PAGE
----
# Why are randomized strategies convex mixtures of deterministic ones?

I am looking for a proof of this fact regarding randomized strategies of the CHSH game:

"... allowing randomized strategies can not help them to get a better success probability. This is because any classical randomized strategy for the CHSH game (where say Alice’s answer is a function of the question x, as well as some random string r that might be possibly shared with Bob, and similarly for Bob’s answer) can be converted into a deterministic strategy that has the same winning probability..."

More generally, how about other nonlocal games? How do you prove in general that the correlations arising from random strategies are linear combinations of correlations from deterministic strategies?

Any probability distribution can be considered as a convex mixture of deterministic probability distributions. Consider a discrete probability distribution over finitely many outcomes, and let $$p_i$$ be the probability of the $$i$$-th outcome. Let $$\mathbf p\in\mathbb{R}^n$$ be the corresponding probability vector. You can always decompose it as $$\mathbf p=\sum_{i=1}^n p_i \mathbf e_i,$$ where $$\mathbf e_i$$ are the standard basis vectors, $$(\mathbf e_i)_j=\delta_{ij}$$, which in this context can be thought of as representing a deterministic probability distribution, where only the $$i$$-th outcome is observed with non-vanishing probability.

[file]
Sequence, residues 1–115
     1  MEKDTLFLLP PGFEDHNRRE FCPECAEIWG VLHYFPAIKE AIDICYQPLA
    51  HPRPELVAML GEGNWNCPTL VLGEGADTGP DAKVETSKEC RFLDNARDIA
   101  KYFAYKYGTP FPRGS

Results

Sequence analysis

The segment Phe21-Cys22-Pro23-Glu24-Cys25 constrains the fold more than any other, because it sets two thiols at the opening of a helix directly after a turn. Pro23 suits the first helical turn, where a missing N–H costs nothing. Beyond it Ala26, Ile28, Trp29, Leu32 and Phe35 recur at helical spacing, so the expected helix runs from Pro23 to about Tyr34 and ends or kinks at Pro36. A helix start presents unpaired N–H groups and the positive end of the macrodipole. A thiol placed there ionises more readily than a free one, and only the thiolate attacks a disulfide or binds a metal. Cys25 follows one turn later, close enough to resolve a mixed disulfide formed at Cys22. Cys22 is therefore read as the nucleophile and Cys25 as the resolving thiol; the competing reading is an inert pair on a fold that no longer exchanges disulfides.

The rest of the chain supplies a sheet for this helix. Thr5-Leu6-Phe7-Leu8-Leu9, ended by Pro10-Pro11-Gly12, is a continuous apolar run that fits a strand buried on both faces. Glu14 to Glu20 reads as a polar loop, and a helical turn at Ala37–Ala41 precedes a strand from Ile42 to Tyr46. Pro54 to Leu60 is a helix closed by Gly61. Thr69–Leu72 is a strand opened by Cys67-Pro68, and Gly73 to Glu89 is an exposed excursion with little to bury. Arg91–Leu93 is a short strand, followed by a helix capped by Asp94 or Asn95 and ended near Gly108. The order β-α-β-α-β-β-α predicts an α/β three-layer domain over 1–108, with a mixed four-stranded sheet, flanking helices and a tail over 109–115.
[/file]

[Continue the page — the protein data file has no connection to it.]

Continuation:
In particular, if you have a local behaviour, which is a joint conditional probability distribution $$p(ab|xy)$$ that factorises as $$p(ab|xy)=\sum_\lambda p_\lambda p(a|x,\lambda)p(b|y,\lambda),$$ then you can decompose each $$p(a|x,\lambda)$$ and $$p(b|y,\lambda)$$ as a convex mixture of deterministic probabilities, using the strategy above. Note that in doing that you get a bunch of extra sums over auxiliary indices. But you can imagine all of these extra indices as extra "hidden variables", and if you then put everything together you end up writing $$p(ab|xy)$$ as a convex mixture of local deterministic behaviours. In other words, you can always assume $$p(a|x,\lambda)$$ is nonzero for one and only one $$a$$, for each value of $$x$$ and $$\lambda$$ (and same goes for $$p(b|y,\lambda)$$).